Artichoke's Heart by Suzanne Supplee


Artichoke's Heart by Suzanne Supplee wasn't what I hoped it would be. And maybe that's my fault for putting too much faith in a dust jacket description and a decent rating on Goodreads, but it fell flat. It was unauthentic and uninspiring.

Artichoke's Heart is a novel about Rosemary, an overweight teenager who's anything but happy about her situation in life--and body. Her mother and aunt are constantly discussing her weight and shoving diet books and treadmills at her, hoping she will thin out to a "normal" size. Shitty, right? But when she is compared to a morbidly obese attendant at her mother's salon, Rosie stops and finally reevaluates her choices.

I had many problems with this book, almost too many to count. By I will try.

1. Her Diet: When Rosie decides to lose weight she does two very unhealthy things: gives herself food poisoning and drinks only weight loss shakes. Now, I understand that desperate people do this often, so that wasn't the problem I had with this plot point. My problem was that most of the weight Rosie lost was with the weight loss shakes. If this is a book for young adults, you shouldn't encourage unhealthy weight loss techniques. There was one character who became the voice of reason about the issue, but it wasn't natural. She didn't thoroughly explain just how bad those shakes can be for you. If an author is trying to write a novel about a young woman struggling and losing weight with the intent to inspire others, you should have the weight loss technique be inspiring. I mean, Jesus. Didn't think I'd have to write that one down for you.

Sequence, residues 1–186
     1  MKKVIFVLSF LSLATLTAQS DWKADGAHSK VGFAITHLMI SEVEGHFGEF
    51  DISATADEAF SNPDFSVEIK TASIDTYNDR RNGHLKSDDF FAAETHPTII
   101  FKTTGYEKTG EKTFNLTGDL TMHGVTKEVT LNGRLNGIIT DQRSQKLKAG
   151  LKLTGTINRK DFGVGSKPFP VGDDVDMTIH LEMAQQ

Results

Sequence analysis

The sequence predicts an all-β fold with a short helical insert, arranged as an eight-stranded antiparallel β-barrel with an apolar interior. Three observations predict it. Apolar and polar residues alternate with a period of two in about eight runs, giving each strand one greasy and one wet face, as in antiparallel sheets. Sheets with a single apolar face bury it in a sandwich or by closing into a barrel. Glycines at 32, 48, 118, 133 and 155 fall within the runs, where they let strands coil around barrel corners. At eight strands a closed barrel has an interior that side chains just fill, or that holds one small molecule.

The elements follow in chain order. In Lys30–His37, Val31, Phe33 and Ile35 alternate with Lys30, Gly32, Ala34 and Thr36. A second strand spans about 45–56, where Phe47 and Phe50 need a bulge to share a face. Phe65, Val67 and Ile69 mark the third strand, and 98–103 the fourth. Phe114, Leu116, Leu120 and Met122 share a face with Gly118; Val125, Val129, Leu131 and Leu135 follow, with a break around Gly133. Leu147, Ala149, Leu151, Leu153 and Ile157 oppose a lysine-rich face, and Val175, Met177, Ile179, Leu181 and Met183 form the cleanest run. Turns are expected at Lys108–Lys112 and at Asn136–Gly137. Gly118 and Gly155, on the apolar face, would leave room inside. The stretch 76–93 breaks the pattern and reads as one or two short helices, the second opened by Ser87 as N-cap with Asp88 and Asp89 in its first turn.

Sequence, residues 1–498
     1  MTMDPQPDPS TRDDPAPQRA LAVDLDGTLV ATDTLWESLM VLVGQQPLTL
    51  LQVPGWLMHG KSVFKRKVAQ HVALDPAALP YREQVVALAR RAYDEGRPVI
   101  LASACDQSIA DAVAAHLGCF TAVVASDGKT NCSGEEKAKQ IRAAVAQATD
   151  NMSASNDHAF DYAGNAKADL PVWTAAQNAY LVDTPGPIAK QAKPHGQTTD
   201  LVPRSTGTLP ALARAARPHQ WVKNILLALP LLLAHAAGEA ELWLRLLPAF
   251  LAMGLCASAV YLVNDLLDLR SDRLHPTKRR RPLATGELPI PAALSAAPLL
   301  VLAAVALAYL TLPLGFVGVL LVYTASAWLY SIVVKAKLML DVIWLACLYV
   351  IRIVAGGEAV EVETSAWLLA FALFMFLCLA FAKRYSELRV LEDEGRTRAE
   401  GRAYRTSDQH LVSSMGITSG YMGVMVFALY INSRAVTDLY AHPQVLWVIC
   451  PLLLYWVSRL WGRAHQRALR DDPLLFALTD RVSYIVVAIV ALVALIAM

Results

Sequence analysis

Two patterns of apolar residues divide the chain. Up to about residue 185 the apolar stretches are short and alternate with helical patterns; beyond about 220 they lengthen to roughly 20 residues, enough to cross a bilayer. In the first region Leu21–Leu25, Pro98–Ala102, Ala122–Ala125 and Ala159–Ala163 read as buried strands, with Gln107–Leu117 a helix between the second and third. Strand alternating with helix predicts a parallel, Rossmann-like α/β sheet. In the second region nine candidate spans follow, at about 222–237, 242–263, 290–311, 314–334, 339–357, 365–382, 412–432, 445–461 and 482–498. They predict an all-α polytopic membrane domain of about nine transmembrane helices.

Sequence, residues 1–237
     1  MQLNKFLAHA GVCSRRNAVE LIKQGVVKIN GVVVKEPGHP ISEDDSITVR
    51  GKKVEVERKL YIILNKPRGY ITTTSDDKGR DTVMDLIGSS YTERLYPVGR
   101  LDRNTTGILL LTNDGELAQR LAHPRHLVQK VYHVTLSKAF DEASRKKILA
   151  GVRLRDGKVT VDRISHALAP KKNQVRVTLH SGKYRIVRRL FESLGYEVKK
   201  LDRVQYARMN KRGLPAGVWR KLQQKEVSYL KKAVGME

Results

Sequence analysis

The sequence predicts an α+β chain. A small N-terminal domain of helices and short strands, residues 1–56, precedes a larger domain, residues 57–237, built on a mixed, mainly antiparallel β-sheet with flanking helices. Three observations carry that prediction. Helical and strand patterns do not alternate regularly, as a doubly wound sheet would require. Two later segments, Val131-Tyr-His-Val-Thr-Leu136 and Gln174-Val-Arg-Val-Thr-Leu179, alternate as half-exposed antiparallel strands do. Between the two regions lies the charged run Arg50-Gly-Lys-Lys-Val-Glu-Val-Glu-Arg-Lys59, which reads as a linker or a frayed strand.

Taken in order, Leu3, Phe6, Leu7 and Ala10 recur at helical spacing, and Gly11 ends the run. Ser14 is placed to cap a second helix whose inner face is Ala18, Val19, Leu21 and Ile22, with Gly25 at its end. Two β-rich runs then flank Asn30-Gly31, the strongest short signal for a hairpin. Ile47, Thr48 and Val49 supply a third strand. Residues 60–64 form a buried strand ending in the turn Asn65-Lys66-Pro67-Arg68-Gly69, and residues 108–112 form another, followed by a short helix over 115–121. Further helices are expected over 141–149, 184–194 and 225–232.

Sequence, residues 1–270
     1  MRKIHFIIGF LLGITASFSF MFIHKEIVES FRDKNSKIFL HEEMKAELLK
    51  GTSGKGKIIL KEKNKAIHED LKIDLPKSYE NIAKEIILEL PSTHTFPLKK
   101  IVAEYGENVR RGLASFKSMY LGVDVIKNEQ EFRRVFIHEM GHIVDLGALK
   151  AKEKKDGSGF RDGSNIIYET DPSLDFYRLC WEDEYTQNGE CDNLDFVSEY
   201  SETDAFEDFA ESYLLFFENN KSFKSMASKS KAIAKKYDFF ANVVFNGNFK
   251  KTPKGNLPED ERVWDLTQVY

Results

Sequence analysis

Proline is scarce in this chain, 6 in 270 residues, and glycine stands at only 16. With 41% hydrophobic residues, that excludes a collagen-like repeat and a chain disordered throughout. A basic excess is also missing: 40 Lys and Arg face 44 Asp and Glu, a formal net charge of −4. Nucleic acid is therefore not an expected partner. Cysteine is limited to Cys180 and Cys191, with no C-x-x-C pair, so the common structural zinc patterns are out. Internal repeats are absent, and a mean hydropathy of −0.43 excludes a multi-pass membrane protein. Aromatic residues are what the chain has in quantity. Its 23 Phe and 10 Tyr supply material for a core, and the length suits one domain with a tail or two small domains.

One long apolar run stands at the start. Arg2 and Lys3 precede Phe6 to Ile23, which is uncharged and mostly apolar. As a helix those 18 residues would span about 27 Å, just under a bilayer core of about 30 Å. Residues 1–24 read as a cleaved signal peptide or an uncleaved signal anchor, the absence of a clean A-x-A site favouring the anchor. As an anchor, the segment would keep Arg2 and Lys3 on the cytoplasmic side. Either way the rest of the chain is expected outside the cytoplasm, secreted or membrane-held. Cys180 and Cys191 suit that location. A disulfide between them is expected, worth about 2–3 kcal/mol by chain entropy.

2. The Writing: It was sub-par. I mean really sub-par. The internal dialogue flopped between italics and parentheses and CAPS LOCK--it was incredibly annoying and impossible to keep track of. Plus, the language was completely unlike a teenager. How many fifteen year olds say bosom? Zero. Unless it's ironically. Definitely not to describe the pretty popular girl's chest. Absurd. I like to give teenagers credit because I think in society they are often seen as stupid--and yes, some of them are--but a lot of them are incredibly intelligent. But bosom? No.

3. Rosemary: I don't think I've related less to a character in a long time. Which is hilarious because I picked up this novel in the first place because I think a teen struggling with weight in this day and age is practically universally understood. Every person, especially female, struggles with self image issues. But Rosie was obnoxious. And essentially, she decided to lose weight to impress a boy and to stop being made fun of, not for herself. Again, not a good example for young adults--or anyone for that matter.

4. Food: This book had more description or discussion of food than any book I've ever read. It was over the top. I wanted to just scream at the author, "JUST BECAUSE SOMEONE IS OVERWEIGHT DOESN'T MEAN THEY ONLY EVER THINK ABOUT FOOD!" It was cliche and so unrealistic to the point it was hard to read.

In the end, just pass on this one. If you want a book about a teen and their weight loss that will inspire you, run in the other direction.

You may also like

No comments:

Powered by Blogger.